Unable to locate what it describes as “stones” that are purported to be diamonds, which were recovered by police from a robbery in 1994, the Attorney-General’s Chambers has said it is prepared to go to trial against owner Ronald Khan.
The announcement was made yesterday morning by Solicitor General (SG) Kim Kyte, who said that no settlement will be made, while adding that Khan, a miner, will have to prove that the stones were in fact diamonds and carried a value of $54 million as is being claimed by him.
Justice Fidela Corbin-Lincoln had previously adjourned the case for report after the state requested additional time to locate the diamonds as it had been indicated by counsel for Khan that once his uncut diamonds were found, he would no longer pursue the matter.
When the case was called yesterday morning, however, Kyte told the court that though earnest endeavours have been made in an attempt to locate the alleged diamonds, the search has been extremely difficult and has yielded no success. She noted that some persons who were involved in the case have since died.
As a result, the SG said that the matter will have to proceed to trial, as had been indicated by Khan’s attorney, Kezia Williams.
Raising a preliminary point for argument in the state’s case, the SG said that Khan is statutorily barred from making the application in which he seeks to cover his alleged diamonds, since it falls outside of the three-year limitation period as provided by law.
Assuming but not admitting that the stones were diamonds, the state argues that the action filed by Khan is statute-barred as it contravenes provisions of the Limitation Act.
“Every action and suit for any movable property, or upon any contract, bargain, or agreement relating to movable property, or to recover money lent without written acknowledgment or upon any account or book debt, or to recover any salary or the value of any goods sold and delivered, shall be brought within three years next after the cause of action or suit has arisen,” Section 6 of the Act states.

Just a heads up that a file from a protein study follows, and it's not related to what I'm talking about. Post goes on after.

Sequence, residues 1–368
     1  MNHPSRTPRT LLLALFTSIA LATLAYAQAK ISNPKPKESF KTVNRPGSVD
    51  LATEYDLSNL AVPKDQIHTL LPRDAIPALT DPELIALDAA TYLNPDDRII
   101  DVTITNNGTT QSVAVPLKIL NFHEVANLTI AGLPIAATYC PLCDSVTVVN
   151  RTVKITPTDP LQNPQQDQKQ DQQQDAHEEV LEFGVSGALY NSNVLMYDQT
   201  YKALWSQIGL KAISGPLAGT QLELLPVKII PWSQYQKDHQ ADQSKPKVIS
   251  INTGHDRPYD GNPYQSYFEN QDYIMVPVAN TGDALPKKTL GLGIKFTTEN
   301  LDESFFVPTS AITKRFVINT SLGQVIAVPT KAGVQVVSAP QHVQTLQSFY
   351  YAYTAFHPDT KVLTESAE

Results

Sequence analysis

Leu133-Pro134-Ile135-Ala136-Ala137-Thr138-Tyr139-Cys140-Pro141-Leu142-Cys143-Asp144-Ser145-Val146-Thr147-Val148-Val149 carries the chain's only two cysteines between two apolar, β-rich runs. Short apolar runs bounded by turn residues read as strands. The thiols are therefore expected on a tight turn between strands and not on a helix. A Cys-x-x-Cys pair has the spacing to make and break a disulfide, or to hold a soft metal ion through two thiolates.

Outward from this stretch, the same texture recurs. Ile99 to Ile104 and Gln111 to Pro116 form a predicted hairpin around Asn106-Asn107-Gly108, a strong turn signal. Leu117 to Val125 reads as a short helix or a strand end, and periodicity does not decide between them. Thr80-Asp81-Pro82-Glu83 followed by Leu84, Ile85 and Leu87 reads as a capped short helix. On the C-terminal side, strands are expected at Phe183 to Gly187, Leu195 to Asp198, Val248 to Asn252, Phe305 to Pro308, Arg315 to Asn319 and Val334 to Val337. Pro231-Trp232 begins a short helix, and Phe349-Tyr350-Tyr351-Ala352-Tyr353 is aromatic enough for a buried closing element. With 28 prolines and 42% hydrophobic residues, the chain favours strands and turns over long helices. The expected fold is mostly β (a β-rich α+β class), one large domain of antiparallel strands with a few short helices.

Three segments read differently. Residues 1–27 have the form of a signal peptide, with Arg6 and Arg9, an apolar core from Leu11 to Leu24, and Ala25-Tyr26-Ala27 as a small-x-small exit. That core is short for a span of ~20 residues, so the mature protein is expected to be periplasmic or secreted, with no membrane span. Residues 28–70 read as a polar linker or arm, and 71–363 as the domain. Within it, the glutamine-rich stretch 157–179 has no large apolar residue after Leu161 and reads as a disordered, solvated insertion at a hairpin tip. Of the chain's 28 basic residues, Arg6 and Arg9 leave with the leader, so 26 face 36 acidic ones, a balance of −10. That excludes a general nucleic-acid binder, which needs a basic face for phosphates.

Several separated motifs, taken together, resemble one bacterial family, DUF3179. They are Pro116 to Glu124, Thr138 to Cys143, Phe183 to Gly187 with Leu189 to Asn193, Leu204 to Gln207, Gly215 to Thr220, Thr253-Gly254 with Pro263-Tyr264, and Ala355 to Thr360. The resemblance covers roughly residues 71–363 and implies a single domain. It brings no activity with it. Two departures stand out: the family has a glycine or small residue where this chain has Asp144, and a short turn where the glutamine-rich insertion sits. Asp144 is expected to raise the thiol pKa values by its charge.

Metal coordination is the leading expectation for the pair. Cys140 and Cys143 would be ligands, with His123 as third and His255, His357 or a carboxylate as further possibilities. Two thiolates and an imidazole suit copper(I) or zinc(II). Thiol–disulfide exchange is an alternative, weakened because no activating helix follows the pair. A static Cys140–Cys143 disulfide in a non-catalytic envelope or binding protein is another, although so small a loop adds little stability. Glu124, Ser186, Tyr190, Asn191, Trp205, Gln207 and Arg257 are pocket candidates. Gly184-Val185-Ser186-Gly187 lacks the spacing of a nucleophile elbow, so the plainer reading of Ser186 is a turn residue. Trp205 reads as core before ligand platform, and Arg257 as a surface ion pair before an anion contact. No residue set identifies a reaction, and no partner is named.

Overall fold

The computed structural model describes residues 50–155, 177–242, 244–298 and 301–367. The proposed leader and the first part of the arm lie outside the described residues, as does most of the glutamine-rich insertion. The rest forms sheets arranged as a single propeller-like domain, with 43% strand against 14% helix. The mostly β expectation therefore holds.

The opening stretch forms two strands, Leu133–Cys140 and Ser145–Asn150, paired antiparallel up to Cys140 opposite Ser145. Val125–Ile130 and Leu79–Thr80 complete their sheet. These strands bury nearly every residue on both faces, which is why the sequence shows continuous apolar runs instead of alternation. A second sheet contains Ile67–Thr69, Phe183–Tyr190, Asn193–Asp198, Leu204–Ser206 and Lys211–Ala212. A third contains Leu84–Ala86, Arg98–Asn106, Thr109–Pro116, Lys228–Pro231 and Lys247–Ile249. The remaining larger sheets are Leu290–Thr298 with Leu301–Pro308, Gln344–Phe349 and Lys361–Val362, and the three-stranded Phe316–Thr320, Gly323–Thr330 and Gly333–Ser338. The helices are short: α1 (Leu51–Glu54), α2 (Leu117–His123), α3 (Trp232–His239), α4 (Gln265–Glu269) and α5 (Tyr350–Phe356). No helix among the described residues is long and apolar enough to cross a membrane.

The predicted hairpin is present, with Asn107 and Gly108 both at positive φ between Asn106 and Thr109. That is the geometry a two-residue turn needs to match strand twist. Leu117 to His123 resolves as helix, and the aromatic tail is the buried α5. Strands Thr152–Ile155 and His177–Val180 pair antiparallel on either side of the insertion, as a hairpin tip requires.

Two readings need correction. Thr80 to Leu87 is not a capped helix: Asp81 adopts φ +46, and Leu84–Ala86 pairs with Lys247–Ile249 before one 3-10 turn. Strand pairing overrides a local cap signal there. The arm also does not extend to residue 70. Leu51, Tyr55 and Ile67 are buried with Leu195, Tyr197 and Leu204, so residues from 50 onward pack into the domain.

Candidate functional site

Given that the robbery of Khan’s Potaro mining camp occurred in 1994, Kyte advanced that he could have commenced civil proceedings to recoup his property anytime within the three years therefrom.
The SG noted, however, that Khan did not commence such proceedings until 2011.
To the judge’s question as to the legal procedure for getting back the diamonds since it had been retained by the police for exhibits in the robbery trial, the SG noted that the onus was on Khan to pursue his civil claim to get back his diamonds within that three-year limitation period.
She noted further that it has always been the regular legal practice of the courts to make orders that exhibits be photographed and returned to owners where the circumstance so necessitate.
It is the state’s contention that Khan did not have to await the completion of the criminal trial to request that his diamonds be returned to him.
Noting its decision to go to trial, Kyte stressed that not only must Khan prove that the stones were diamonds, but also that they were valued at $54,000,000.
Having regard to the addresses from the state, Justice Corbin-Lincoln set August 23rd for commencement of the trial. Both sides were ordered to file witness statements no later than June 22nd.